156 New Cavendish Street,
Jun 16 - Jul 30
Grove Square Galleries
In 2022, the authenticity of abstract art as being genuinely art is being questioned, with critics like Jerry Saltz pointing out that often the familiar prettiness covers a canvas empty of ideas. Instagram might be awash with competently executed works that look legitimate but without danger or risk where is the reward?
Given that abstract works sell that there is a paying public that finds something they like suggests that people bemoaning artistic mediocrity are merely abstract viewers rather than players of the game. However in an era where speculation has changed the discourse around art from content to capital it feels like we’ve reached an important juncture where it’s right to question – what’s this for?
That said, not everything has to be about set narratives and effective works should challenge us on levels not reducible to symbolic motifs and Orlanda Broom’s works have done that. In the past her works were marked by haunting floral landscapes which tinged with lysergic vibrance summoned primordial echoes. As though memories of pre-lingual childhood were revisited through a televisual frame in squeals of cognitive feedback. Broom’s sublingual work often creates experiences that working though body psychology draw us into novel ways of perceiving colour and shape and shapeshifters promises to be a continuation of her work in this area. But it is unrepentantly abstract, at a time when the stakes for such work are high, a risky move for sure but given the risk certainly worth a look.
British contemporary artist Orlanda Broom announces the first solo show of her new abstract works at Grove Square Galleries opening on 16th June. ‘Shapeshifters’ will showcase a powerful collection of new works by the artist, known for her richly saturated, dreamlike landscape paintings.
The title of the exhibition evokes the idea of transience and the chimeric nature of what it means to be human, animal or even an inanimate object. Mystery surrounds this change and transition. In Shapeshifters, the artist becomes the ‘shape shifter’ in quite literal, non-mythological terms and is the creator of this metamorphosis, capturing the movement and warping of the resin on her canvas. Broom’s canvases burst with explosive movement, fluid shapes, and a playful colour palette in a celebration of colour, form and technique.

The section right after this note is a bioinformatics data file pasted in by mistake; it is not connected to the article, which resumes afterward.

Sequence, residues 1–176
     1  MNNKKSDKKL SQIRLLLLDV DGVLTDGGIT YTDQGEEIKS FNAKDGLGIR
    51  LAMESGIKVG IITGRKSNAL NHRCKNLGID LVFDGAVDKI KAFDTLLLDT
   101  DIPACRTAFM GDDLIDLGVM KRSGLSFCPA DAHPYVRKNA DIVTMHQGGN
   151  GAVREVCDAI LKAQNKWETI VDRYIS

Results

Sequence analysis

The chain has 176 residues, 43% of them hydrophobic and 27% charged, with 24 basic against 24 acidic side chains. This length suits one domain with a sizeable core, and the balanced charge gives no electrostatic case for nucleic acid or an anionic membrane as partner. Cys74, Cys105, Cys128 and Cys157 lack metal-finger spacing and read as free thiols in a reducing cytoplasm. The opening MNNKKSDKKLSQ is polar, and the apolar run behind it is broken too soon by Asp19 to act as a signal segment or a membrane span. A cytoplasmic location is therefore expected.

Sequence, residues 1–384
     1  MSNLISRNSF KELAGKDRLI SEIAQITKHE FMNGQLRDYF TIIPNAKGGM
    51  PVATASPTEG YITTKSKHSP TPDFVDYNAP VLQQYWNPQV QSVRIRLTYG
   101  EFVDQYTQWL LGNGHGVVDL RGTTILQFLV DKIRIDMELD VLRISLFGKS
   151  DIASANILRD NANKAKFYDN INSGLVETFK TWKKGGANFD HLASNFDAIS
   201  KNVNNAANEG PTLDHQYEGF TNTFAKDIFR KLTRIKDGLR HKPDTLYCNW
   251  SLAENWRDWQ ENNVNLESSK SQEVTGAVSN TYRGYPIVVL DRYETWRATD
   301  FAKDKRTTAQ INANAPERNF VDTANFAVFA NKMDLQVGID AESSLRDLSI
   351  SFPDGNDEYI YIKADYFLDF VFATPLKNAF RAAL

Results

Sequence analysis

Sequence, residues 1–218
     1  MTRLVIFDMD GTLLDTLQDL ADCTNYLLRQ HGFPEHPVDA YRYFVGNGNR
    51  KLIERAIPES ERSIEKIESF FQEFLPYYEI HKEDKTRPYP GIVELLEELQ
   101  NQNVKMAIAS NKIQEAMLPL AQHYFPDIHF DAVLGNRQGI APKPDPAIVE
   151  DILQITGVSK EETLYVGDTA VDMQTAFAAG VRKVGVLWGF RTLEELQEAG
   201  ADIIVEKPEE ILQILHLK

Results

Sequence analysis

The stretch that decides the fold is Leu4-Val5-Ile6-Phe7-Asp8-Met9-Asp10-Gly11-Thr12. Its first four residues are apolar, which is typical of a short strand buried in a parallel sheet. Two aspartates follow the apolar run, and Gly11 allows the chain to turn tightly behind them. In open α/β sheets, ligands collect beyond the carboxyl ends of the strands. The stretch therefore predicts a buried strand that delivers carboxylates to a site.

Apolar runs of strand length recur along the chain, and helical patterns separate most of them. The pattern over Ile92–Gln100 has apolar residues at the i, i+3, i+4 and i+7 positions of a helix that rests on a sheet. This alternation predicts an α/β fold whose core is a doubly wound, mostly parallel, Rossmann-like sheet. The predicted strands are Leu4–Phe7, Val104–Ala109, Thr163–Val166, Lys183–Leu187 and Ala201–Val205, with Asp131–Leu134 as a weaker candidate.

The exhibition is designed as a form of escapism as the paintings transport the viewer through their play with light, translucency and solid, vivid colour. The organic forms that emerge encourage an engagement and freedom of interpretation from the viewer.
Broom is part of a new generation of artists reimagining the genre of abstraction. For them, labels aren’t important. They’re more interested in the science behind the medium, harnessing its application to develop expressive, beguiling, and transcendent compositions. They are devoted to their exploration of pushing the boundaries of colour, medium and light and a desire to communicate the power of movement and fluidity.
In her techniques, Broom is inspired by the action paintings, or gestural abstraction, of abstract expressionists including Jackson Pollock and Arshile Gorky. The specific processes involved in making these paintings is instrumental in their creation. “Working in this way gives me the freedom to work quickly, and dynamically, at one with the movement of the resin and also at the whim of the material. I have an understanding of how the medium will flow, but I’m only in control to a certain extent as the flow of the resin and merging colours have so many variables.”
The artist’s approach to abstract art is quite different to the meticulous layering process behind her revered landscapes. “I surrender to the fluidity of the composition while organic forms appear with immediacy,” she says. As the resin starts to set, shapeshifting from a fluid to a solid state, Broom is enraptured and present. “It’s quite intense and pressured,” she says. “Decisions must be made instantly because I am working with varying factors including temperature, surface and fluidity, so there’s an element of risk.”
The colour and the form of the work continue to evolve and change as the resin spreads, and for Broom, “to see this transition from one state to another is exciting.” The resin sets quickly and the metamorphosis is complete.
Abstract, expressive works often invite their own interpretation and Broom’s work is no exception. In fact, the artist relishes the reinterpretation of her shapeshifting works, saying: “I’m interested in the interpretation of abstract works. I enjoy that people respond and read the paintings in their own way. I like making space for the personal, subjective response of the viewer.”
“I have a strong desire to allow the viewer their own flow of thought,” says Broom. The shapeshifting nature of the resin is just the beginning of the way her nebulous forms continue to change in the mind’s eye.” Each work is intended to be ambiguous, almost like Rorschach test, reflecting feelings, attitudes, floral, fauna and movements.”
Each of these abstract paintings defines a poetic journey, shapeshifting in Brooms’ viewers’ consciousness long after she considers them set and complete, immortalising seemingly fluid form, memories and emotions in hardened resin.